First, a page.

Social skills such as teamwork can be effectively demonstrated and taught using sport. Jody Specht discusses this cross-curricular method
The Bexley School Sports Partnership (SSP) was set up in 2002 with the initial aim of reaching and exceeding the national target of young people taking part in two hours of PE and sport a week. Over time, the remit and focus of the partnership has changed, as we have come to use sport as a tool for making fundamental changes to young people’s lives.
Responding to schools
This came about because schools in the partnership reported that they had many pupils with very poor social skills: they were unable to work as a team or with a partner and could not share with each other.
This led us to set up an adventure-based learning (ABL) programme, which sought to teach the basics of communication and cooperation in a fun and creative manner. Using adventure is a specific technique in experiential learning, where the outcome of the experience is uncertain and may contain physical, social and psychological risks.
Direct participation in action requires us to face our fears of risk. In dealing with challenges, we have the opportunity to turn perceived limitations into abilities and achievements. In the process, we learn a great deal about our relationships with others and ourselves.
Experiential learning is based on people being ‘active and doing’ rather then being ‘passive and done to’. Having the chance to practice the skills they are learning leads to them being more likely to maintain these changes in other areas of their lives.
Learning becomes ‘experiential’ when a person is:
- involved in an activity
- looks back at it critically
- determines what was useful
- uses this information to perform another activity.
Providing an experience alone does not create ‘experiential learning’. The activity comes first. The learning comes from the thoughts and ideas created as a result of the experience.
The project uses adventure and experiential learning activities to engage pupils, but the learning takes place through pupils:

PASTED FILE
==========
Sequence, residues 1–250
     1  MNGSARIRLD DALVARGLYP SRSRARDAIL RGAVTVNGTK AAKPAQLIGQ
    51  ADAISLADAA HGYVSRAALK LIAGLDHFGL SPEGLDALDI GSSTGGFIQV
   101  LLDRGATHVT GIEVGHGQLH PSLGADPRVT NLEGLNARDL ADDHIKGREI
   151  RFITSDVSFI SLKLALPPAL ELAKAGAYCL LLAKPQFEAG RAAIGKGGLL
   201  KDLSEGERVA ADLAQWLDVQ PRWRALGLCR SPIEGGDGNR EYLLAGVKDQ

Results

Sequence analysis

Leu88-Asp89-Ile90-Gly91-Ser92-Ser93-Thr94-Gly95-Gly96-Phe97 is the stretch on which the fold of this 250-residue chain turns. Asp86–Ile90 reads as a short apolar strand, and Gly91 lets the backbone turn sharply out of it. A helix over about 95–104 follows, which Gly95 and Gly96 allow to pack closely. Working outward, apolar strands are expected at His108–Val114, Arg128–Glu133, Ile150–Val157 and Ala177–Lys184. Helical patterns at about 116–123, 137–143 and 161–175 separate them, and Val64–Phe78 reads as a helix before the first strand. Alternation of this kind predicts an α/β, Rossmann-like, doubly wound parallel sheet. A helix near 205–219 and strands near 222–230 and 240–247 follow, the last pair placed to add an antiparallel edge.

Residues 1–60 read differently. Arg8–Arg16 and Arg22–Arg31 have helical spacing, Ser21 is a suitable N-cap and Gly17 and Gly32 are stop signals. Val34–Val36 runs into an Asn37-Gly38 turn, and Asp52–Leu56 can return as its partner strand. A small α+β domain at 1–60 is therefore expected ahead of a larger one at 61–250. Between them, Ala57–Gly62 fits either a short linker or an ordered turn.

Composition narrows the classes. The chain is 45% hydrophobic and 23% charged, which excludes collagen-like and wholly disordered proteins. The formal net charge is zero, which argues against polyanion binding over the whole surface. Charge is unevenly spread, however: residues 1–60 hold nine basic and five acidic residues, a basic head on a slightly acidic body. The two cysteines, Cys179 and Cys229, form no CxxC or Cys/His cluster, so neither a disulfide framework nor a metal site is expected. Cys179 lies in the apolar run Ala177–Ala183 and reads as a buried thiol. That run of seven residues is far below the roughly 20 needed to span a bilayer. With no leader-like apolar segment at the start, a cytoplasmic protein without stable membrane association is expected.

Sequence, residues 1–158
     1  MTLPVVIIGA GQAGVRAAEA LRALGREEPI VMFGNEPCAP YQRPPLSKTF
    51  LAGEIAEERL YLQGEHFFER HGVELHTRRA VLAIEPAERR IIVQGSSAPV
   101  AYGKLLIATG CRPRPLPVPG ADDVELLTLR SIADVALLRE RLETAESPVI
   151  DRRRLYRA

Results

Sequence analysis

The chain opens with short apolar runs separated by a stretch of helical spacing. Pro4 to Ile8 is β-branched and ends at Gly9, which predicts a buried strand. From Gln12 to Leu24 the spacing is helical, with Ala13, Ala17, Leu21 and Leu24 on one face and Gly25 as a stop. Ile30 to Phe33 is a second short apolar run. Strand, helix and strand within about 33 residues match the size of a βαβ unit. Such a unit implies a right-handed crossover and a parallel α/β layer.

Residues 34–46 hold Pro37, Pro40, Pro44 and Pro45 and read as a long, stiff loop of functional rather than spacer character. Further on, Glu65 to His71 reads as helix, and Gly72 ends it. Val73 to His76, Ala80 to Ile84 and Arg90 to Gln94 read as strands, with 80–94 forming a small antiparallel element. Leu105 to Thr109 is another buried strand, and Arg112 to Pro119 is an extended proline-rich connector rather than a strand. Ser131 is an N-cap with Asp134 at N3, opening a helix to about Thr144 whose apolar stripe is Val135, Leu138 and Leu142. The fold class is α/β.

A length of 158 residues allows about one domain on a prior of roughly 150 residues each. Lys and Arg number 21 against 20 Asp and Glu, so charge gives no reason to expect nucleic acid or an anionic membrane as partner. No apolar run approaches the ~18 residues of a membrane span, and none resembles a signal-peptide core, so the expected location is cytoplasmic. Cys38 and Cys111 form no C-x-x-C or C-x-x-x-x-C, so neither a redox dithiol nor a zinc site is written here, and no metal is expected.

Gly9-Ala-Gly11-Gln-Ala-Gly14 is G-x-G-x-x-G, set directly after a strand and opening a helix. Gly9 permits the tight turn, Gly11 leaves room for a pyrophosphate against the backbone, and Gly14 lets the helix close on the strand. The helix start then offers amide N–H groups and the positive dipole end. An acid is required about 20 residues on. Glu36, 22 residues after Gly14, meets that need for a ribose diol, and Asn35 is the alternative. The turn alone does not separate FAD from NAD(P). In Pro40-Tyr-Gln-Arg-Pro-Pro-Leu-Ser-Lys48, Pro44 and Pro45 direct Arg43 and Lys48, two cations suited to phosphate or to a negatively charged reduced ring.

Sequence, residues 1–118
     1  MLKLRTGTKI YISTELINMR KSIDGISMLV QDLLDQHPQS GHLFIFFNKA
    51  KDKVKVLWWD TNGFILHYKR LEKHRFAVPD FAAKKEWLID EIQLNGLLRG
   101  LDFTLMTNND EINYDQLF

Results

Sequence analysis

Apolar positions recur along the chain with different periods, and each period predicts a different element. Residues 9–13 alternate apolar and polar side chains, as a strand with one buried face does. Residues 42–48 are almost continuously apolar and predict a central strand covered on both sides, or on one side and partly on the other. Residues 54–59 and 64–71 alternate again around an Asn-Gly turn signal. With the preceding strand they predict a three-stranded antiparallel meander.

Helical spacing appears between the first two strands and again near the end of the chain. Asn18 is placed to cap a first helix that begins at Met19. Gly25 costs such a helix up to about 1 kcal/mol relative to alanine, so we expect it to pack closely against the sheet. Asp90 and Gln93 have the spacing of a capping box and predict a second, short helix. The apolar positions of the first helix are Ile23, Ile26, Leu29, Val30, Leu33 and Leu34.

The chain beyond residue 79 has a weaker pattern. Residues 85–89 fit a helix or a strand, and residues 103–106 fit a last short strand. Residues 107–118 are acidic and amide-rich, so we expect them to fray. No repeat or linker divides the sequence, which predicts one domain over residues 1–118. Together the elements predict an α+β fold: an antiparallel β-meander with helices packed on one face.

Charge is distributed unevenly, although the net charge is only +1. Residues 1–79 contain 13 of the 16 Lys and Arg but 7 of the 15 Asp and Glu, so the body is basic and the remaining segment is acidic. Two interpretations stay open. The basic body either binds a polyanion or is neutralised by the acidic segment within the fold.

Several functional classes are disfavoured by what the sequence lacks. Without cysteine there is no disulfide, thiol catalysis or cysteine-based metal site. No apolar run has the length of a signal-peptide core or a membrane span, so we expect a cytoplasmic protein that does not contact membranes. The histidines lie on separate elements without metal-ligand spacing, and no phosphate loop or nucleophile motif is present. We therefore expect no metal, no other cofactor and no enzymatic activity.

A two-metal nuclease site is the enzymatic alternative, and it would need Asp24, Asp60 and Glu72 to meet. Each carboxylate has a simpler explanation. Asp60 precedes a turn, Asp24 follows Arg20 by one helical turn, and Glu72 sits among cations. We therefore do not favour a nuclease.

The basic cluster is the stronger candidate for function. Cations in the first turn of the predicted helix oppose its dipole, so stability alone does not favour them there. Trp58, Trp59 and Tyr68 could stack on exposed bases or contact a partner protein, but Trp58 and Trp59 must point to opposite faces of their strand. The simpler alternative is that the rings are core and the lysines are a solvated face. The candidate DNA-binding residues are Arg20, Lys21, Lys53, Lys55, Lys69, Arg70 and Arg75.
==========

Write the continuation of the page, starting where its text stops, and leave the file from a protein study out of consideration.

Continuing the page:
- experiencing success
- evaluating their successes (and failures)
- transferring these skills to the next activities.
The ultimate aim is that young people will transfer these skills back to the classroom.
Each programme lasts approximately six weeks, with group sizes ranging from six to 22. Schools select the young people they wish us to work with, and inform us of each child’s developmental needs.
The students are not led to see the teacher as the ultimate source of all answers and wisdom. Instead, they learn from each other, with the facilitator providing guidance when needed.
The facilitator aims to gradually give over control to the group. A leader of a newly formed group will be relied upon by the group for leadership. This allows the leader to model behaviour, set the tone of the session and gain respect. As a group develops, the facilitator’s role changes, allowing students the opportunity to become leaders themselves.
Meeting individual needs
Adventure-based learning is effective in making a difference to pupils’ social and emotional needs because it is not an area of school life where they are seen to fail. The programme ensures it meets individual needs, engaging pupils actively in their own personal development. The majority of the activities are active, so pupils can feel and see their success instantly, thus gaining instant gratification. Pupils develop the skills to understand that they can achieve anything, but they need to apply the right techniques at an appropriate time. For example, they cannot achieve a group task if they do not think of others or achieve a blindfolded task if they cannot trust and communicate effectively.
The programme has played a part in breaking down the barriers faced by some pupils when accessing classroom learning. Facilitators have observed that pupils have become:
- more supportive of their peers
- more confident in communicating their ideas
- less aggressive.
We also have reports from classroom teachers of pupils:
- taking more pride in their work
- shouting and arguing less in class
- behaving in less violent and attention-seeking ways
- not giving up with frustration if they do not succeed first time.
The next step for the partnership is to train more school staff in facilitating adventure-based learning. We will evolve the programme continually, allowing more young people to develop their social and emotional learning through physical education.